You can go through life greedy, discontent, and always looking for the next thing that holds promise to satisfy your wants and needs. You can grumble and complain about how terrible you have it, and how unfair your lot is. Or, you can appreciate the blessings in your life.
Gratitude is a spiritual discipline. It’s in anyone’s nature to want, crave and covet. But, learning gratitude opens up your heart and your soul to appreciate whatever you have, no matter how little it may be, and to let your life be filled with thanksgiving instead of wishful thinking. Gratitude is an attitude; it starts in the heart, and permeates the rest of your life. It doesn’t matter how much you have or what it is that you have. There is always something to be grateful for.
Thanksgiving is a holiday about appreciating our blessings: food, family and fellowship. Food is always a key feature in holiday meals, but for Thanksgiving it takes on a unique role: the Pilgrims were thankful because they were not going to starve. It was the food that the Native Americans brought to them that created the bond of community between them.
We rarely worry about starvation these days in America, and as we allow our food systems to get more and more industrialized, we lose touch with the people that grow and pick the sustenance of our lives. When you combine agriculture with community, you create a relationship and an environment of gratitude; when you take the community out of the equation, the eater is merely a consumer, detached from the land and often critical of the fruits before him.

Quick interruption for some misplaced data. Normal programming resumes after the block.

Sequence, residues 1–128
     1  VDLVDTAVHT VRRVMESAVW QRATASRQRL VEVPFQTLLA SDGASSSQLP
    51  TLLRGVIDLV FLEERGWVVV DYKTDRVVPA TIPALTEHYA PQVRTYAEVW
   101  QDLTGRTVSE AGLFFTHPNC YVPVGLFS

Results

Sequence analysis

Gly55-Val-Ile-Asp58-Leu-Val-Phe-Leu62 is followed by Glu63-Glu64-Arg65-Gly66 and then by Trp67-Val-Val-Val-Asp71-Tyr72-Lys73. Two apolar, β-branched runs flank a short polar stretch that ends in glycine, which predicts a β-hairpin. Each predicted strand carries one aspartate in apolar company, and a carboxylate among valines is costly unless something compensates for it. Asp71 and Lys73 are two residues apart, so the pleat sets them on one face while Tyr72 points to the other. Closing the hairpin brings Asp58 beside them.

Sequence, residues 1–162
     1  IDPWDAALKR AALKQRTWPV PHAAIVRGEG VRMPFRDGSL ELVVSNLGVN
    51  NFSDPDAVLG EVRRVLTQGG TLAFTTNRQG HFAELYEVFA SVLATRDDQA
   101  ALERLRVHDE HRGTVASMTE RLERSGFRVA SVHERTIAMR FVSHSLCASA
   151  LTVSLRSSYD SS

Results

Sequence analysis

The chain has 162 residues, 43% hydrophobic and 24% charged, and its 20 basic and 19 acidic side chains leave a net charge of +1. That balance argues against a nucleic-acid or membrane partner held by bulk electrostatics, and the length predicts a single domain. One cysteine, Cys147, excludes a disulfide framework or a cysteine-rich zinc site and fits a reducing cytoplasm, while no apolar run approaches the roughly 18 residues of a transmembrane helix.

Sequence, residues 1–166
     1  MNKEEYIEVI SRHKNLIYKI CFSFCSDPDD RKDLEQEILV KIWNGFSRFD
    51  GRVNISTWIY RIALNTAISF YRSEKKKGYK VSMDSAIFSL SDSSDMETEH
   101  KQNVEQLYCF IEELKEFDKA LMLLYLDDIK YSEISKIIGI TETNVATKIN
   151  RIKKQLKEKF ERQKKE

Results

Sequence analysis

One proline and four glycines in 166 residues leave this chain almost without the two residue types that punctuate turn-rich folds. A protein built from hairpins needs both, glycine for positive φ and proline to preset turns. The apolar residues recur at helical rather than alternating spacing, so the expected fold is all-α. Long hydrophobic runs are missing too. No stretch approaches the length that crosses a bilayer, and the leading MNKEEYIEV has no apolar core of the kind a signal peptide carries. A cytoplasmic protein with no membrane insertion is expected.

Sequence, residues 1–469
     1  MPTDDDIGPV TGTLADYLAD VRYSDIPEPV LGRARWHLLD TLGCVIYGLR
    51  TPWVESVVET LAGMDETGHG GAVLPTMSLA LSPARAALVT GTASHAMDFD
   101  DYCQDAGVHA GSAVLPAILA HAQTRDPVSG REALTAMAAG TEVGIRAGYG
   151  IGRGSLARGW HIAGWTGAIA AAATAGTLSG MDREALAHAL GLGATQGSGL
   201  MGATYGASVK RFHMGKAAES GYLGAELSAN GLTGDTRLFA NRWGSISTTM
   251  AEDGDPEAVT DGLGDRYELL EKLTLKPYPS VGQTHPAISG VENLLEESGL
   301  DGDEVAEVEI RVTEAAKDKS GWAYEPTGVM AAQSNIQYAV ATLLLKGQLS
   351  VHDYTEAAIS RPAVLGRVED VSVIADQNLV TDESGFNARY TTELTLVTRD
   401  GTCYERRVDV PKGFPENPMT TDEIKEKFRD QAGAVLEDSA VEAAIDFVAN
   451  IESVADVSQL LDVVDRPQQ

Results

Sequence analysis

No matter where you get your food, I encourage you to pursue a spirit of gratitude and a community around your food.
I’m thankful for dinners at the table after a long day of work and chores, and the conversations my husband and I have there.
I’m thankful that the food I eat from the farm is going to grow a healthy little baby in my womb.
I’m thankful for the long apple season in Washington, and the delicious apples that we eat throughout the winter when summer fruit seems but a dream.
I’m thankful for websites like allrecipes.com that help me figure out how to cook the weird and wonderful foods I get from the farm.
I’m thankful for how easy, versatile and delicious potatoes can be.
I’m thankful for whoever invented pies, because they are delicious and one of the best parts of Thanksgiving dinner.
Finally, I’m thankful that farms exist, even in this super-industrialized world, and that people can remain real and grounded, even in an urban area.
My wish for all of you is that you find community around your food, and that you find your own gratitude.
* Thanksgiving photo courtesy of Stephen Proctor.
(Starting from the bottom left and going clockwise)
I forgot the name of this root vegetable! Oops!
Head of Garlic
2 Delicata Squash
Greens, I believe this is a type of bok choi
Bowl of Broccoli
(In the middle)
Sweet Pie Pumpkin
I want to give a shout out to the Delicata Squash ~ it’s fantastic! My husband and I tried it just this last weekend and we were astonished! All I did was cut it in half lengthwise, scoop out the seeds and strands, put it cut side down in a baking dish filled with half an inch of water, baked it at 350 degrees for an hour. I served it with just a bit of butter placed in the middle of the scooped out part so it melted wonderfully on the hot squash. A dash of sea salt and a grind of fresh pepper was all it took to make this totally grubbin’. My husband had seconds with nothing added at all because this squash is so naturally sweet and buttery it doesn’t need anything to make it yummy. Don’t be afraid of squash. Squash rocks!
aka: “Don’t squash the squash”?? Or “Don;t squash it till you’ve tried it first”?? ^_^ Aren’t I punny this morning!